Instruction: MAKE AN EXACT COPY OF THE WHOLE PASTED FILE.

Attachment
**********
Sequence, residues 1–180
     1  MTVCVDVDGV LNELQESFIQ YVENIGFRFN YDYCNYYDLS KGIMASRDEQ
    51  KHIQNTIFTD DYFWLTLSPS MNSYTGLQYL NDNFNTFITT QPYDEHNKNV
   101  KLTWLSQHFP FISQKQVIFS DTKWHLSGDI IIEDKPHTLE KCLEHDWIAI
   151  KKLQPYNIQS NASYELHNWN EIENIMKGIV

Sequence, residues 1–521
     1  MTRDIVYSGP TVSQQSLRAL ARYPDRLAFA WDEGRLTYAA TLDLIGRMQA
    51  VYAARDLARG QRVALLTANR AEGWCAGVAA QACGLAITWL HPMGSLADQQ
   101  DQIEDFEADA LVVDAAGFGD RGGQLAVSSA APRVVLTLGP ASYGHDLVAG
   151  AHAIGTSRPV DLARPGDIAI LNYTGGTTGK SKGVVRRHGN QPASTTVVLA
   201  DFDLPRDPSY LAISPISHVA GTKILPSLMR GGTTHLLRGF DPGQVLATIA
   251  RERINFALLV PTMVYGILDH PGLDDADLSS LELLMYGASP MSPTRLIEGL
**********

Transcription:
Sequence, residues 1–180
     1  MTVCVDVDGV LNELQESFIQ YVENIGFRFN YDYCNYYDLS KGIMASRDEQ
    51  KHIQNTIFTD DYFWLTLSPS MNSYTGLQYL NDNFNTFITT QPYDEHNKNV
   101  KLTWLSQHFP FISQKQVIFS DTKWHLSGDI IIEDKPHTLE KCLEHDWIAI
   151  KKLQPYNIQS NASYELHNWN EIENIMKGIV

Sequence, residues 1–521
     1  MTRDIVYSGP TVSQQSLRAL ARYPDRLAFA WDEGRLTYAA TLDLIGRMQA
    51  VYAARDLARG QRVALLTANR AEGWCAGVAA QACGLAITWL HPMGSLADQQ
   101  DQIEDFEADA LVVDAAGFGD RGGQLAVSSA APRVVLTLGP ASYGHDLVAG
   151  AHAIGTSRPV DLARPGDIAI LNYTGGTTGK SKGVVRRHGN QPASTTVVLA
   201  DFDLPRDPSY LAISPISHVA GTKILPSLMR GGTTHLLRGF DPGQVLATIA
   251  RERINFALLV PTMVYGILDH PGLDDADLSS LELLMYGASP MSPTRLIEGL